AARP Washington is part of a Social Isolation Work Group trying creative approaches to reaching lonely people, including a laptop lending library, virtual coffee klatches, and robotic pets.
In the face of the coronavirus pandemic, AARP Washington is providing information and resources to help older Washingtonians and those caring for them protect themselves from the virus and help prevent it from spreading to others.
This Black History Month and beyond, it’s important to look for and celebrate the little things that bring us joy, as well as the big achievements and accomplishments. The joy of resilience. Of caring for others and ourselves during trying times. Of sharing our stories and our assistance. Of connecting with others, even if at a distance. This is a Joy Supreme.
While 2020 was a year filled with uncertainty, municipalities and community organizations across Washington still managed to put older residents’ needs front and center. We welcomed two cities - Tacoma and Renton - to the AARP Network of Age-Friendly States and Communities, joining our previous cities of Seattle and Puyallup. Several non-profit agencies also received grants to address crucial pandemic-related issues, such as food insecurity and telehealth.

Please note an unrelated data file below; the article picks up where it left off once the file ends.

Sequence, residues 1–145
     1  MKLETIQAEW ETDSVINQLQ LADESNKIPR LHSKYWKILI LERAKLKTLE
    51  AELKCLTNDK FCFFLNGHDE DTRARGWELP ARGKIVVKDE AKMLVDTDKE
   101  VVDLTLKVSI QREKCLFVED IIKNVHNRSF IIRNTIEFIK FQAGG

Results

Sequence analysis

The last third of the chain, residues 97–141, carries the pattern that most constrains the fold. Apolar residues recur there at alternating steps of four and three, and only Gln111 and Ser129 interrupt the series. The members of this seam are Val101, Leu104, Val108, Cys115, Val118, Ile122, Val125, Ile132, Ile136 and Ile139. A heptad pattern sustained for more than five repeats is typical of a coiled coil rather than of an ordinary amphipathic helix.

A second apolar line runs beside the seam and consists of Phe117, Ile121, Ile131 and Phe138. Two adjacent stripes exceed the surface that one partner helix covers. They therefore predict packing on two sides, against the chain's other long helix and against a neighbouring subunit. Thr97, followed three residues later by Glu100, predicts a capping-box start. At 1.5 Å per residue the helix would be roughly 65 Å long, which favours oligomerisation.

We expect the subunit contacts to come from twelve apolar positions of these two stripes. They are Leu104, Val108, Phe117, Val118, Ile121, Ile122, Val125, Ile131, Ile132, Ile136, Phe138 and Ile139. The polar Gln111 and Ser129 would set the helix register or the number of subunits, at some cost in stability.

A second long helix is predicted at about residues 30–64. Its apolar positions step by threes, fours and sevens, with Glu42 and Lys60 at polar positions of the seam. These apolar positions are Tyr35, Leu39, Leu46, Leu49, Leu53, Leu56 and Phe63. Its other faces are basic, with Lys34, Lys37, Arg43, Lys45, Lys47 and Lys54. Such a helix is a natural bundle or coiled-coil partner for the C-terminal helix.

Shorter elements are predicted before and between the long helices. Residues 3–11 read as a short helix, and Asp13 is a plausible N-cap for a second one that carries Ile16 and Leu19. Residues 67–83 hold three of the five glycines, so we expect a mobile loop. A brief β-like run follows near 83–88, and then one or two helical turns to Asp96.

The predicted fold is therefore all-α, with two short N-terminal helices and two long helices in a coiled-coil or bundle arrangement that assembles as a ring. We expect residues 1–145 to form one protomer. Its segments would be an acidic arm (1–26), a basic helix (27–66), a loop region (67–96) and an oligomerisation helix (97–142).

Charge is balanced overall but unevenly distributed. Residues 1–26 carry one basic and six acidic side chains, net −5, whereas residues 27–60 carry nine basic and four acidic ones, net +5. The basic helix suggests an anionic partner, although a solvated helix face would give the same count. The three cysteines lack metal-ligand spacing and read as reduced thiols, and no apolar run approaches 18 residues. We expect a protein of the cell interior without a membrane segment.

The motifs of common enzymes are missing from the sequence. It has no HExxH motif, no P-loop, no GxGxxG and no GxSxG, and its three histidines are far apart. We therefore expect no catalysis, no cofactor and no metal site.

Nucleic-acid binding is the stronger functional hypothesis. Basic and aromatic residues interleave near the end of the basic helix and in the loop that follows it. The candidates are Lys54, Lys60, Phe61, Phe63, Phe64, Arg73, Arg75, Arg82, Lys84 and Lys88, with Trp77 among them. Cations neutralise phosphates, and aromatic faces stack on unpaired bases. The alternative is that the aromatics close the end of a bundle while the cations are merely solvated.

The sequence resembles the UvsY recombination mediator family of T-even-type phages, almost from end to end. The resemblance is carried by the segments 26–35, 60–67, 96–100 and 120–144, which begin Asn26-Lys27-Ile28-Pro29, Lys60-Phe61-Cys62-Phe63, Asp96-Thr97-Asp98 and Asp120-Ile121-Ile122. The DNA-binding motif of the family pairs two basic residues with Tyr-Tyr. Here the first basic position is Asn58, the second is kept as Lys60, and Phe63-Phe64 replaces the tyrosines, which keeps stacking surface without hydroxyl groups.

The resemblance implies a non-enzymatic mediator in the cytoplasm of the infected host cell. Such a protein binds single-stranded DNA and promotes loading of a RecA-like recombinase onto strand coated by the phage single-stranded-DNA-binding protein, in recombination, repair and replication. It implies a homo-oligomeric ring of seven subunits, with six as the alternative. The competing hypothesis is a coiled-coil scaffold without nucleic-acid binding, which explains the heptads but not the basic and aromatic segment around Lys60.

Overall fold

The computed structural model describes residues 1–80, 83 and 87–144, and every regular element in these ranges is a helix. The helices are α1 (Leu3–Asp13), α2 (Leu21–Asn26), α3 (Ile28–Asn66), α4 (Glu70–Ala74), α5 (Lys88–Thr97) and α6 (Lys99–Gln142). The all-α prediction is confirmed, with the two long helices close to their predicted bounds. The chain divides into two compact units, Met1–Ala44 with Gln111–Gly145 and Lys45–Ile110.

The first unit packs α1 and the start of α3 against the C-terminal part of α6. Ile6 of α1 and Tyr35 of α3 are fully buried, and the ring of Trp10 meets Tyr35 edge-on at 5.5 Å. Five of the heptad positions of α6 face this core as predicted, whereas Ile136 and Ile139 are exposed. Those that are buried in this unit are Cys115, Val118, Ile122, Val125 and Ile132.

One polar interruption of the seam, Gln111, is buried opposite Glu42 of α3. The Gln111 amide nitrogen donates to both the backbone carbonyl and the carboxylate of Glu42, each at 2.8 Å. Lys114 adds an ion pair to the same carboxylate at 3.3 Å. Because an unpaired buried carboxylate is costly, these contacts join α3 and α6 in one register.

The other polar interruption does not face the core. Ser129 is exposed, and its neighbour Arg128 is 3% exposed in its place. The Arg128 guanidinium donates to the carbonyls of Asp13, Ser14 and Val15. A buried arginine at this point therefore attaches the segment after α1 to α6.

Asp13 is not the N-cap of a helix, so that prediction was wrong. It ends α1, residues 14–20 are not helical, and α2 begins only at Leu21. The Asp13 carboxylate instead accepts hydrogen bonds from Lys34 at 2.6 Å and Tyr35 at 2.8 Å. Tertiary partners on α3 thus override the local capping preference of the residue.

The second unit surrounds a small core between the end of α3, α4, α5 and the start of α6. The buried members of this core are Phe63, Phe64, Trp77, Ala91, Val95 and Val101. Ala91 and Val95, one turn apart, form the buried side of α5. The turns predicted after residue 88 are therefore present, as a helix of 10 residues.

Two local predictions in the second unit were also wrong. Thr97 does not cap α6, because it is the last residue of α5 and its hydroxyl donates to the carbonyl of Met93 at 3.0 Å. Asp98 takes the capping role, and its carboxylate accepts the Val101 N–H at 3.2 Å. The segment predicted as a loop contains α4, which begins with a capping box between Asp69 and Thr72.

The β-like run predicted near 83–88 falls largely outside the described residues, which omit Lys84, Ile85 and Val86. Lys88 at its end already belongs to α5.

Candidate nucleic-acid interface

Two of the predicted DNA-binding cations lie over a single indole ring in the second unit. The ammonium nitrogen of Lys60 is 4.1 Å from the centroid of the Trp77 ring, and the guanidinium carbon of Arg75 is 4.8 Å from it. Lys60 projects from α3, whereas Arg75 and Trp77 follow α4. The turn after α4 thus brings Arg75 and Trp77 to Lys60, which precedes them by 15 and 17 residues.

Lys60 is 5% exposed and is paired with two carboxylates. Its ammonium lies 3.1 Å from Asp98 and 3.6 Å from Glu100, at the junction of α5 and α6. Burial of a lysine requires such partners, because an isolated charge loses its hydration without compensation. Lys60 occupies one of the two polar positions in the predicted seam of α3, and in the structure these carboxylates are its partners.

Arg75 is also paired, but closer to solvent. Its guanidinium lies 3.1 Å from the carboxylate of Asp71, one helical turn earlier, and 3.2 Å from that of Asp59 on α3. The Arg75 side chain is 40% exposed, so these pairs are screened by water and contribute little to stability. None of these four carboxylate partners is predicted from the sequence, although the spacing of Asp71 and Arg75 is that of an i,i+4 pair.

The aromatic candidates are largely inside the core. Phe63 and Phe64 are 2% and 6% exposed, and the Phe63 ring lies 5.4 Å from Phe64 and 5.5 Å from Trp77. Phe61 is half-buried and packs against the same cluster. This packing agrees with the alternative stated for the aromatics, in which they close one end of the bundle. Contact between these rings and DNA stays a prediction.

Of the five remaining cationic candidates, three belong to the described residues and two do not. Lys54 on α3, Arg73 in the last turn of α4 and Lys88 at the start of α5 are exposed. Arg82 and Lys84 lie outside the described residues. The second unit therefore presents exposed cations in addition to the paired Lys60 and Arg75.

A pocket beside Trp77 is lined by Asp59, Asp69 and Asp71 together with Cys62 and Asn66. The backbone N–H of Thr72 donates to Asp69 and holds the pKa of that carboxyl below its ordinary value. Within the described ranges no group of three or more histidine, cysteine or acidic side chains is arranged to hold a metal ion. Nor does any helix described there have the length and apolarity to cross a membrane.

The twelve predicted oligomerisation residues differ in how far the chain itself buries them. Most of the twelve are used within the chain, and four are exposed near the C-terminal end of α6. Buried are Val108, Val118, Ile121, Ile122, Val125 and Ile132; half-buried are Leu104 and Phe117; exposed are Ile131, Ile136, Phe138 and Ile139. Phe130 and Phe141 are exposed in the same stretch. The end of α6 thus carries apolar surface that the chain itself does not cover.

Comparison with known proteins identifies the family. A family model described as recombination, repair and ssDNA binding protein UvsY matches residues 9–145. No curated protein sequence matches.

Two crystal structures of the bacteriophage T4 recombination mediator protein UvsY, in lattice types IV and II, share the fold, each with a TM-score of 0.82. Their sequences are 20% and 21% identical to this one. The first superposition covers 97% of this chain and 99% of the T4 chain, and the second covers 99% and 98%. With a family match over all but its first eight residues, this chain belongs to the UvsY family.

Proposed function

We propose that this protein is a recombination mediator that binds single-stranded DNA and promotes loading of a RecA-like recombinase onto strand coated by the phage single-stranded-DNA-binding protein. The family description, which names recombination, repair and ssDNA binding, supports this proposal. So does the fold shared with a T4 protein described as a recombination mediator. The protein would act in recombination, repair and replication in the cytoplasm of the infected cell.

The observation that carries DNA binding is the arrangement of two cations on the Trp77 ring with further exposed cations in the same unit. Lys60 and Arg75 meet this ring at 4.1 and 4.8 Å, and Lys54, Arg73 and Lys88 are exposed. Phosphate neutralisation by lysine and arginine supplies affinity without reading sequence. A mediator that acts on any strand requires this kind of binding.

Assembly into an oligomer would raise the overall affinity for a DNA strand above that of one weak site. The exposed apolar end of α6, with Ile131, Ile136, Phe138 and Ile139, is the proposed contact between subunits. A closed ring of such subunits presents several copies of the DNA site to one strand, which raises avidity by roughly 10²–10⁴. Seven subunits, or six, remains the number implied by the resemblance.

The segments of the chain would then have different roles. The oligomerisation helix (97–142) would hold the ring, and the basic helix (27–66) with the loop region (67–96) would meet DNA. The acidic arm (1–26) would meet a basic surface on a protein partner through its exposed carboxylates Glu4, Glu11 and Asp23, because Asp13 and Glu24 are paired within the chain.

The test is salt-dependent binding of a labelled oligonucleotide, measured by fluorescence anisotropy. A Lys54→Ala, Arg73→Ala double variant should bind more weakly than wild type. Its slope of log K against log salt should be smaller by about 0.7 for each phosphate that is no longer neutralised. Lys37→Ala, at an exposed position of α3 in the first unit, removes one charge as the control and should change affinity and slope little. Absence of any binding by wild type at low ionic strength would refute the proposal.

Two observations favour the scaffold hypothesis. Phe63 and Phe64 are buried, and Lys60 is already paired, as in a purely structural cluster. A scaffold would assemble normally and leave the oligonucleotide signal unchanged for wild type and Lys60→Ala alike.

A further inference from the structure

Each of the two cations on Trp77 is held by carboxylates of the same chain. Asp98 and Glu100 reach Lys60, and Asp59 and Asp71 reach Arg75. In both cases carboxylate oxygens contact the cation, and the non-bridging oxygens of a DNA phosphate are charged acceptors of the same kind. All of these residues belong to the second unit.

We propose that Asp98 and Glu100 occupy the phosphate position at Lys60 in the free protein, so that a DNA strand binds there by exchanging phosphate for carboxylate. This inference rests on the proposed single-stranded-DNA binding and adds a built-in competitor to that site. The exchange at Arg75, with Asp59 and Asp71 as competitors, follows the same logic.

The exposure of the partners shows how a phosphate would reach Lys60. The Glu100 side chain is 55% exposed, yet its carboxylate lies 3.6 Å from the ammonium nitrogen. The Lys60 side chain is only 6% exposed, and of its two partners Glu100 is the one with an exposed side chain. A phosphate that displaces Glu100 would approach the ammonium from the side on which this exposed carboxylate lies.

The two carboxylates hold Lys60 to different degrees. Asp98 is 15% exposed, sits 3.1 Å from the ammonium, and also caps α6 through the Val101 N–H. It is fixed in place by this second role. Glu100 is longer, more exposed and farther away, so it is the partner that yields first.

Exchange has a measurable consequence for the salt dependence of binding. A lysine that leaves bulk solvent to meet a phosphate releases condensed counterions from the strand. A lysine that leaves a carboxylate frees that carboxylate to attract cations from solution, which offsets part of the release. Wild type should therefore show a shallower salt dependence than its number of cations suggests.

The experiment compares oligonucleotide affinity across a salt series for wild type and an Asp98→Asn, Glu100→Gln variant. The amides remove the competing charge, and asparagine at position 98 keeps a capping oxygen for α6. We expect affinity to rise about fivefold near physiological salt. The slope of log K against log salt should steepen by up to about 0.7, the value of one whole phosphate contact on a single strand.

AARP has selected Redmond resident Bob DeWald as the 2020 recipient of the AARP Washington Andrus Award for Community Service -- the Association’s most prestigious and visible state volunteer award for community service.
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